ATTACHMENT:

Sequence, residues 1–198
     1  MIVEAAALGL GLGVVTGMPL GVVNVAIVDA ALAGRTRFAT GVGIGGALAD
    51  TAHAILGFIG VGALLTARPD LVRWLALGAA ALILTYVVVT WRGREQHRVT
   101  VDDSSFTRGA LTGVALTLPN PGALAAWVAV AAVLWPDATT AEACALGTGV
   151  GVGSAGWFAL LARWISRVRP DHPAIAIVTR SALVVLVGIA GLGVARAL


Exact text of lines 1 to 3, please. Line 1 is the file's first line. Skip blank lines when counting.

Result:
Sequence, residues 1–198
     1  MIVEAAALGL GLGVVTGMPL GVVNVAIVDA ALAGRTRFAT GVGIGGALAD
    51  TAHAILGFIG VGALLTARPD LVRWLALGAA ALILTYVVVT WRGREQHRVT